INDUSTRIAL RELATIONS ACTS, 1946 TO 1990
SECTION 26(1), INDUSTRIAL RELATIONS ACT, 1990
(REPRESENTED BY THE IRISH BUSINESS AND EMPLOYERS' CONFEDERATION)
- AND -
MANUFACTURING, SCIENCE, FINANCE
1. Job sharing.
2. The Company was established in 1970 and employs a workforce of 430 people. The majority are based at head office, while 164 workers are employed as indoor staff in 45 local offices throughout the country. In 1990 the Union referred a claim for the introduction of a pilot job sharing scheme at head office to the Labour Court. The Court rejected the Union's claim in Labour Court Recommendation 12746. Subsequently the Company introduced job sharing at head office. The dispute concerns a further claim by the Union for a pilot job sharing scheme to be introduced in one of the local offices with a view to extending the scheme throughout the branch network. The Company has rejected the claim on the grounds that the nature of work in local offices dictates full-time attendance and continuity to provide a personal service to clients.
The matter could not be resolved at local level negotiations and was the subject of a conciliation conference under the auspices of the Labour Relations Commission on 21st November, 1995. Agreement was not reached and the Union later requested referral to the Labour Court in accordance with Section 26(1) of the Industrial Relations Act, 1990. The Company agreed and the issue was referred to the Court on 11th June, 1996. The Labour Court investigated the dispute on 15th August, 1996.
3. 1. A job sharing scheme at branch level could provide significant benefits to both the Company and the staff. The introduction of a pilot scheme in one or two branches for a period of six months to one year would establish the viability of such a scheme.
2. The many benefits of job sharing for employers include a lower turnover of staff, availability of additional cover in peak periods, greater flexibility and better continuity of work due to fewer absences. There is also evidence of greater productivity among job sharers.
3. Job sharing allows workers the opportunity to balance work with personal responsibilities and to develop skills and interests outside of the work place. Most jobs can be shared successfully with good management, organisation and communication.
4. 1. The Company has no fundamental objection to the principle of job sharing, as it has introduced job sharing in other departments to the mutual benefit of employees and the Company. However local offices operate with small teams of workers dealing individually and directly with customers on a one-to-one basis. The introduction of job sharing would be disruptive, inefficient and would ultimately lead to a loss of business.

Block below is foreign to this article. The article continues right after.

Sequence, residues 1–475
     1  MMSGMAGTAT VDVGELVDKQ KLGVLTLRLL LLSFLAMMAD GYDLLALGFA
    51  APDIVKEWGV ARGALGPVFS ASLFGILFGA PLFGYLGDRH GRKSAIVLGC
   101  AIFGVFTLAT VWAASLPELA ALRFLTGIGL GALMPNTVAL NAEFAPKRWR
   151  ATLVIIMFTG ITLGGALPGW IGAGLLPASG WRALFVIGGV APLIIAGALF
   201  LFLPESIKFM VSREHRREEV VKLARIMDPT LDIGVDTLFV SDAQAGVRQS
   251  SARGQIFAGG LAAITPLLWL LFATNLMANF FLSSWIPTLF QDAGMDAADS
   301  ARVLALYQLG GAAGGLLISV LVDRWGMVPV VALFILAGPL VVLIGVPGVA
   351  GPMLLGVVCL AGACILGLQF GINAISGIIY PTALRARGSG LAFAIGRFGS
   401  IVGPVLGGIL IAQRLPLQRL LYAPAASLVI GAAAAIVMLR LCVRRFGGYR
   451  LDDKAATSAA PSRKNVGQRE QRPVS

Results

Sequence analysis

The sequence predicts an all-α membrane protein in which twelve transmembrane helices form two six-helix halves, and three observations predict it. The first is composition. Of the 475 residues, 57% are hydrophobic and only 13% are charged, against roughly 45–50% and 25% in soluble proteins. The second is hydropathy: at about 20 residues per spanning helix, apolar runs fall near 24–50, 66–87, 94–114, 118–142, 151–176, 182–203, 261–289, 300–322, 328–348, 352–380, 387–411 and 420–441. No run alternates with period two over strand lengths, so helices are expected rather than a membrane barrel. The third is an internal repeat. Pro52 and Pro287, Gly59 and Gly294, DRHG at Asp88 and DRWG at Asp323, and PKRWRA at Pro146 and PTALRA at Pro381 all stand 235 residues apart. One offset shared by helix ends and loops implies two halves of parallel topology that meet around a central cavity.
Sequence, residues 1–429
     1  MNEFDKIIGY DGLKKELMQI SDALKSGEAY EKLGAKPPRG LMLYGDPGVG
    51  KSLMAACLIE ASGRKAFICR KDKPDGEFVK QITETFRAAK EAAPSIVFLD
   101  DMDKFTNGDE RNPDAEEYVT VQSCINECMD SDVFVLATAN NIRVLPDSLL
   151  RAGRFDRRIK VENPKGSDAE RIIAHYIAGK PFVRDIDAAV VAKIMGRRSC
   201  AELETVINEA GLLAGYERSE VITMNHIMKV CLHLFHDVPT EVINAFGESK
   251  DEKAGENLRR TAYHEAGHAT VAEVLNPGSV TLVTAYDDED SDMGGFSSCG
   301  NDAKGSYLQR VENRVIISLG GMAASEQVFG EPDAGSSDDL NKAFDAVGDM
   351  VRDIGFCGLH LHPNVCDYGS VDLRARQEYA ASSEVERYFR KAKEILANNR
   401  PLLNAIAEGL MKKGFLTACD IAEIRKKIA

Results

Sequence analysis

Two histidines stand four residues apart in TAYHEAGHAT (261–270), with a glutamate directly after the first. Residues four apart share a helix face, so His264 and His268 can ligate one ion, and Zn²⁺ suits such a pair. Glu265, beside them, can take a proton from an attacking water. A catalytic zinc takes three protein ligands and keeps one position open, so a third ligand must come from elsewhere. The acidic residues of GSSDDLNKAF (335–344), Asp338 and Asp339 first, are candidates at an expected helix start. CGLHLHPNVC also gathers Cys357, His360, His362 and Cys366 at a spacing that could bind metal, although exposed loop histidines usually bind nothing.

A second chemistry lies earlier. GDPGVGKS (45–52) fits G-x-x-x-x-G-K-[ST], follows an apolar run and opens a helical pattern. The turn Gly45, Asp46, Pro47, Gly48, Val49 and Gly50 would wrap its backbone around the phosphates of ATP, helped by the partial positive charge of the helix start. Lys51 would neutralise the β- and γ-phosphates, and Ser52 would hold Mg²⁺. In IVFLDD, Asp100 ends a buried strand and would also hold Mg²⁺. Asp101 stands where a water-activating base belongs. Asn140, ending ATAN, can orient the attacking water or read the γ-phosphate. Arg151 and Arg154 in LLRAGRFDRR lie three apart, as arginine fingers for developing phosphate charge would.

2. The implementation of a job sharing arrangement would lead to additional training costs, overhead costs and administration costs. A job sharing arrangement should be introduced voluntarily where it is mutually beneficial to both parties.
The Court has considered the submissions from the parties and has taken into account the previous Labour Court Recommendation and what has taken place since then. The Court notes that the parties accept that a job sharing scheme should be on a voluntary and a mutually agreed basis.
The Company's view as outlined is not unreasonable taking into account the nature of the business and the organisation structure. The Court nevertheless considers that a pilot scheme as sought by the Union could produce positive results.
The Court accordingly recommends that the Company agrees to a six month trial scheme in an agreed location provided it is clearly understood that at the end of the trial period the parties will objectively review the operation and if either party finds the pilot scheme to be unsatisfactory it can revert to the position prior to the pilot scheme.
Signed on behalf of the Labour Court
5th September, 1996______________________
Enquiries concerning this Recommendation should be addressed to Dympna Greene, Court Secretary.